This article recaps the first-ever virtual conference by The Council for the Study of Community Colleges.

Serving as the headquarters for The Council for the Study of Community Colleges (CSCC) since January of 2020, the Office of Community College Research and Leadership (OCCRL) hosted the first-ever virtual CSCC conference in April of 2021.

CSCC’s 62nd annual conference was marked by seven preconference sessions, a general conference that featured 60 research and scholarly papers, 48 roundtables, eight symposiums, a session on publishing, two keynote addresses, and presented an opportunity for more than 300 conference registrants to interact with one another via Zoom across three conference days. The theme of the conference was "Advancing Radical Possibilities for Community Colleges."

“We and our friends and colleagues went through a historic, first-time virtual CSCC conference together due to the pandemic,” said Eboni Zamani-Gallaher, executive director of CSCC and director of OCCRL. “Participants who logged in to learn, or who presented, engaged with people they’d never met before, and some of them rekindled relationships with those in the field. We’re extremely proud to have successfully hosted it virtually.”

Day One

The preconference began with a session titled "Re-envisioning Community College Board of Trustees," which covered how such boards are stagnant, unequal, and overdue to be better represented with more women and minoritized groups. Subsequently, a session titled "Navigating Community College and Further Education," facilitated by young professionals, offered insights into the transfer pathway experience from two- to four-year institutions and beyond, and related the utility and impact of research experiences on transfer readiness.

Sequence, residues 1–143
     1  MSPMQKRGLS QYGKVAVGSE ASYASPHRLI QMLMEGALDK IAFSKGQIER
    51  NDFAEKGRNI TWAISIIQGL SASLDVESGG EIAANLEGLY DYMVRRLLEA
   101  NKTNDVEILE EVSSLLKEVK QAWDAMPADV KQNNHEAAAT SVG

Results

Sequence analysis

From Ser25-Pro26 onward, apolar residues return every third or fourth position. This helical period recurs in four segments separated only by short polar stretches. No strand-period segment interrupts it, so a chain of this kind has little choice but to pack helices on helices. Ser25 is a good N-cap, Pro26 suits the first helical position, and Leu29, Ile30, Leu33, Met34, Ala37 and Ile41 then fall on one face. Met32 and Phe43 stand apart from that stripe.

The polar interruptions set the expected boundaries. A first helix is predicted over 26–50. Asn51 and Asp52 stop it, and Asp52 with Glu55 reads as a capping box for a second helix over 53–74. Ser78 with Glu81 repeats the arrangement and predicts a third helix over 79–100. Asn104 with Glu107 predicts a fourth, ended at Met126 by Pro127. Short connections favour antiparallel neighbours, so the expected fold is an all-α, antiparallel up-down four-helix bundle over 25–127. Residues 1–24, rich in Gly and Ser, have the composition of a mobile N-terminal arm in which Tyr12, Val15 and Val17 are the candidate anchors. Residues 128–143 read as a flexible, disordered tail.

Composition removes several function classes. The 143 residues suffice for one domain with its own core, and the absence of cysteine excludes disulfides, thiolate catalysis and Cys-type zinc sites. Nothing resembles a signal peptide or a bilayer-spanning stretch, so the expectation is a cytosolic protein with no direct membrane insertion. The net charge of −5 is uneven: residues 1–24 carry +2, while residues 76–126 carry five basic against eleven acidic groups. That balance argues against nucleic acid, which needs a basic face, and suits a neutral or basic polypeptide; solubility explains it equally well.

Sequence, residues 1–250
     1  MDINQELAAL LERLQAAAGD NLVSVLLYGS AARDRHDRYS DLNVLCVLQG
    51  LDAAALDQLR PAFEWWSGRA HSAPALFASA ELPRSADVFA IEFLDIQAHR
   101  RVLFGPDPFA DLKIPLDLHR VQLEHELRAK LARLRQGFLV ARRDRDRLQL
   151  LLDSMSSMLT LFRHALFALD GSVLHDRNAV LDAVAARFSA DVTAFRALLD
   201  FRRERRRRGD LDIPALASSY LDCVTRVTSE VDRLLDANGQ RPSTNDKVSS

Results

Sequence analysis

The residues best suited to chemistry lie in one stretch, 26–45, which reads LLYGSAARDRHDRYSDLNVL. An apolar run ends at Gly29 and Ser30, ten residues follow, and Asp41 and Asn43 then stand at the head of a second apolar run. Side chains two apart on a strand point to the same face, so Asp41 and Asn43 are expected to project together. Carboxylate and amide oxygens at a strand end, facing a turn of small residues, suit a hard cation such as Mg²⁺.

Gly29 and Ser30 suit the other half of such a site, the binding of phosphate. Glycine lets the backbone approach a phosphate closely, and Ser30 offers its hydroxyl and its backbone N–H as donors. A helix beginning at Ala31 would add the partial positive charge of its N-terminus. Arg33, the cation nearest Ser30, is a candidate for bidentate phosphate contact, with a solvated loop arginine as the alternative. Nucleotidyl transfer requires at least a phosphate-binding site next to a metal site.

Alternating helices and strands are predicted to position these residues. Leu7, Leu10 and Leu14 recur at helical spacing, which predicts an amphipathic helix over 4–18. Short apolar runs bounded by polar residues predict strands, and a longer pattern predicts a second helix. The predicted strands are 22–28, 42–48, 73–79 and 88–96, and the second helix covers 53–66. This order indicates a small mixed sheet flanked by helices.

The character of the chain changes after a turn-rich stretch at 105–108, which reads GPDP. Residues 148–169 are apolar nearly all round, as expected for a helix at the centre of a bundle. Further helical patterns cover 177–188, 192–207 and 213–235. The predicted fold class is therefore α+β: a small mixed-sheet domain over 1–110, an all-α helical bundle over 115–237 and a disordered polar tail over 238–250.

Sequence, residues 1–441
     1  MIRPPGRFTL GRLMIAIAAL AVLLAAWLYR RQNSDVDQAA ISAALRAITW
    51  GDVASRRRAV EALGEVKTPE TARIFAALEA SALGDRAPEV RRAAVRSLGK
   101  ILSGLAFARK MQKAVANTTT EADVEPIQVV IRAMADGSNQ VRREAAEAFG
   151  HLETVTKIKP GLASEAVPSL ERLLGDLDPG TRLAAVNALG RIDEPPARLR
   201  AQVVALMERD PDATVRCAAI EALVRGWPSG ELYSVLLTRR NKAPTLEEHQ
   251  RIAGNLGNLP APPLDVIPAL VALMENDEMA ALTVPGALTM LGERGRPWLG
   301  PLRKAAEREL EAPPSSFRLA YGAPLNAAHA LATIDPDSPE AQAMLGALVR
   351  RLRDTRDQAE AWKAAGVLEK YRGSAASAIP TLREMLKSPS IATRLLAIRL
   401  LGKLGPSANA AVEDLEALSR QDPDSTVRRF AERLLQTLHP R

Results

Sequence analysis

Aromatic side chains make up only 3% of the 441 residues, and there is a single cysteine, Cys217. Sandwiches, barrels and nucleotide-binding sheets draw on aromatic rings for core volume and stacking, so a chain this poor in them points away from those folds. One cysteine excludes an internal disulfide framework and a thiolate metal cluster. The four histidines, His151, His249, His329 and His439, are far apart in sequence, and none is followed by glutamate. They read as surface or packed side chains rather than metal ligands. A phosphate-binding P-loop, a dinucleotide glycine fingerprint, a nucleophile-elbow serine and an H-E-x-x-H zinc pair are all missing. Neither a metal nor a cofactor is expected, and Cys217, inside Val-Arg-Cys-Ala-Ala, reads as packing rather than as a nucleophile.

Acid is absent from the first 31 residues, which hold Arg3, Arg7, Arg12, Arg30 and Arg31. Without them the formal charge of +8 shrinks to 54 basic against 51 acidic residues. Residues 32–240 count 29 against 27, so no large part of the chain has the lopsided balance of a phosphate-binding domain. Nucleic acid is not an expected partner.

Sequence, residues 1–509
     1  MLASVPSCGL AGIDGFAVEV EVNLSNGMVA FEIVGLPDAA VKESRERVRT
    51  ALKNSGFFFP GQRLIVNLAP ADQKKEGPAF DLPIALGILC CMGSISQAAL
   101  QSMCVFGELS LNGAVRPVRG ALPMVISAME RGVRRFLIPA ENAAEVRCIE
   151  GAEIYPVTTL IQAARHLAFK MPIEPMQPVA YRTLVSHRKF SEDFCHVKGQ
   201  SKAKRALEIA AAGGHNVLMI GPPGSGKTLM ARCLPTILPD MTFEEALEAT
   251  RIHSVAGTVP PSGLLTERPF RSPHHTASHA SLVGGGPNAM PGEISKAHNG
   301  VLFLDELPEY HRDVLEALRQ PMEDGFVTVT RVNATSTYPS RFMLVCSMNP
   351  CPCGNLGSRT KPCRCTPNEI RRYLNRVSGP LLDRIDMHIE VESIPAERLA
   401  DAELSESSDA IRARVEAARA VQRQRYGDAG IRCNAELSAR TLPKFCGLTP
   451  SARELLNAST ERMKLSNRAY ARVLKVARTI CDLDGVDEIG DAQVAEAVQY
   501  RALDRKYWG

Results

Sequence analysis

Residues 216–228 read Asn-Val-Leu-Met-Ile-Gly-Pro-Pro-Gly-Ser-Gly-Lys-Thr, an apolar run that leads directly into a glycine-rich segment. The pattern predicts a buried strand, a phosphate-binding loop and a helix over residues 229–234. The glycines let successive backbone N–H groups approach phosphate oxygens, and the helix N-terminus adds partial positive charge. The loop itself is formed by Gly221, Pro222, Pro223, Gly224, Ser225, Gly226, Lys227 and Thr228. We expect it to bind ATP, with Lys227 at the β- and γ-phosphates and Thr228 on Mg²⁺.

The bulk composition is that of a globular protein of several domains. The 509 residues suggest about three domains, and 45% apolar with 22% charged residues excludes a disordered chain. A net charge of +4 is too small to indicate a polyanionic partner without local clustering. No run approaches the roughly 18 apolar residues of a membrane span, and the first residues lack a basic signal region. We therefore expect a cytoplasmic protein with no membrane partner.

Other preconference sessions covered a variety of topics. In particular, faculty members of color shared how to generate academic success from the perspective of students; graduate students discussed life during COVID-19 and how they juggled multiple roles, intersecting identities, and responsibilities; department chairs engaged in conversation about their training priorities, preferences, and needs; and scholars offered their expertise on issues of Latina/o students’ access success in higher education, and the role philanthropy in advancing racial equity and social justice in community college research, leadership, and practice.

Following the morning preconference events, the general conference kicked off in the afternoon with the opening session and the “2021 CSCC Presidential Address,” which featured a prerecorded interview between CSCC president Dr. Regina Garza Mitchell and Dr. Rufus Glasper, the president and CEO of the League for Innovation in the Community College, who shared his inspirational life story and educational journey.

The rest of the afternoon was filled with roundtable discussions that covered a wide variety of topics such as community college mentoring programs, perspectives from women faculty members of community colleges, pursuing equity and justice in an urban community college, and much more. Day one of the virtual conference wrapped with a number of opportunities for conference attendees to “meet and greet” one another and socialize via the CSCC opening reception, the mentor-mentee exchange, as well receptions hosted by 2021 Double Diamond Sponsors Arrupe College of Loyola University of Chicago and Mississippi State University.

Day Two